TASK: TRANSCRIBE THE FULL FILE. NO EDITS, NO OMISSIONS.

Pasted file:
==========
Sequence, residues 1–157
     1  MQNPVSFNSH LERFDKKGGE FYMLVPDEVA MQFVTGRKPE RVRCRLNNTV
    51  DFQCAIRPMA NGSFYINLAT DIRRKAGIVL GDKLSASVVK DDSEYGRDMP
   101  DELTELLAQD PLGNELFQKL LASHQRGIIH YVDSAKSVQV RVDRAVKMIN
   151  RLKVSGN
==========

Sequence, residues 1–157
     1  MQNPVSFNSH LERFDKKGGE FYMLVPDEVA MQFVTGRKPE RVRCRLNNTV
    51  DFQCAIRPMA NGSFYINLAT DIRRKAGIVL GDKLSASVVK DDSEYGRDMP
   101  DELTELLAQD PLGNELFQKL LASHQRGIIH YVDSAKSVQV RVDRAVKMIN
   151  RLKVSGN